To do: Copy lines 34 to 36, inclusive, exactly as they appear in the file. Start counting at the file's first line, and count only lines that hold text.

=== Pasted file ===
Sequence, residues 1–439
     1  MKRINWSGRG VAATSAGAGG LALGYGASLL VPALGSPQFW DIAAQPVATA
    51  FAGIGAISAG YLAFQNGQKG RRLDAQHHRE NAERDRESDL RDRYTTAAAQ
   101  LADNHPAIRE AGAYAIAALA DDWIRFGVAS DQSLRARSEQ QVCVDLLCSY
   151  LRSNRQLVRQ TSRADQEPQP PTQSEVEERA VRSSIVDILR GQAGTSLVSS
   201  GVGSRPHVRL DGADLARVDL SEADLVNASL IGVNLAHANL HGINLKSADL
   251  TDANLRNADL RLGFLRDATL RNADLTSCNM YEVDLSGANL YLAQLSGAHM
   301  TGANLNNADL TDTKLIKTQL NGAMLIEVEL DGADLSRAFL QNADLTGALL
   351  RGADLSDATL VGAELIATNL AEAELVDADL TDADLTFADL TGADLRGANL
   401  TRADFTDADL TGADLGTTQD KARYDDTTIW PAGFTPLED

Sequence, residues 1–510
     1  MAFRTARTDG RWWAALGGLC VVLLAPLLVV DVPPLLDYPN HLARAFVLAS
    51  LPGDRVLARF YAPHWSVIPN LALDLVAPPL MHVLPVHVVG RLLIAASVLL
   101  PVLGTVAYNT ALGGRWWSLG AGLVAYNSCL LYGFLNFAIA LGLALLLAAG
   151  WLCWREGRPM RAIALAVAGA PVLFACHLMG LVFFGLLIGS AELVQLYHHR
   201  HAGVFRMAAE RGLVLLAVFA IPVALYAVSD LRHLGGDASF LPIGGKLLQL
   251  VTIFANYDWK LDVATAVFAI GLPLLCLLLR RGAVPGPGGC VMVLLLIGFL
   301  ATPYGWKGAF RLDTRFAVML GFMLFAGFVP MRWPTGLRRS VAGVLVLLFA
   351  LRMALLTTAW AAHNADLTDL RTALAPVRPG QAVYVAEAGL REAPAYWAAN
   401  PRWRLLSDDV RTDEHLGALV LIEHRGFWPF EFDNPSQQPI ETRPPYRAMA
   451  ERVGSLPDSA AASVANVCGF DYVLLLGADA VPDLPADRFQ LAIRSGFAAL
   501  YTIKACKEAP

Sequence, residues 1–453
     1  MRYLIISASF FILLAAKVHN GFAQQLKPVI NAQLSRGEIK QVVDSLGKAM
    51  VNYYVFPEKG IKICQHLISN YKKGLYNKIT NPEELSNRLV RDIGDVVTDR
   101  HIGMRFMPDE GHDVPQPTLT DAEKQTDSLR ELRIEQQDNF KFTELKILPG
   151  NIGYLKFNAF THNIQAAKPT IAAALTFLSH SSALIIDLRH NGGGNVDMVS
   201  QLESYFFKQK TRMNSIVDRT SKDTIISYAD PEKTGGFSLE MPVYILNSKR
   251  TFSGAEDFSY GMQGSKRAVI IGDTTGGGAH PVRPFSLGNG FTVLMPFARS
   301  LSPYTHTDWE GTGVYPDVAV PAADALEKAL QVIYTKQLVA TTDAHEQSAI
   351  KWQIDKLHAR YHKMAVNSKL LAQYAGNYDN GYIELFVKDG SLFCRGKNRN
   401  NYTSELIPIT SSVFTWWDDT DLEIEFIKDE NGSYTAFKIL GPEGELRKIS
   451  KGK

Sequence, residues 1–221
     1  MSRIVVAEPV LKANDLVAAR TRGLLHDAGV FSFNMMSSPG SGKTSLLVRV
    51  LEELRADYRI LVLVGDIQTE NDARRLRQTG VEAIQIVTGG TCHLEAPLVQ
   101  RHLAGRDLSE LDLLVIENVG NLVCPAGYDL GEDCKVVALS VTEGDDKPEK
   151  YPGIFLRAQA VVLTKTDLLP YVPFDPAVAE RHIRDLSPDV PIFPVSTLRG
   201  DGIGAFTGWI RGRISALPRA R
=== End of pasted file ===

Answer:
Sequence, residues 1–221
     1  MSRIVVAEPV LKANDLVAAR TRGLLHDAGV FSFNMMSSPG SGKTSLLVRV
    51  LEELRADYRI LVLVGDIQTE NDARRLRQTG VEAIQIVTGG TCHLEAPLVQ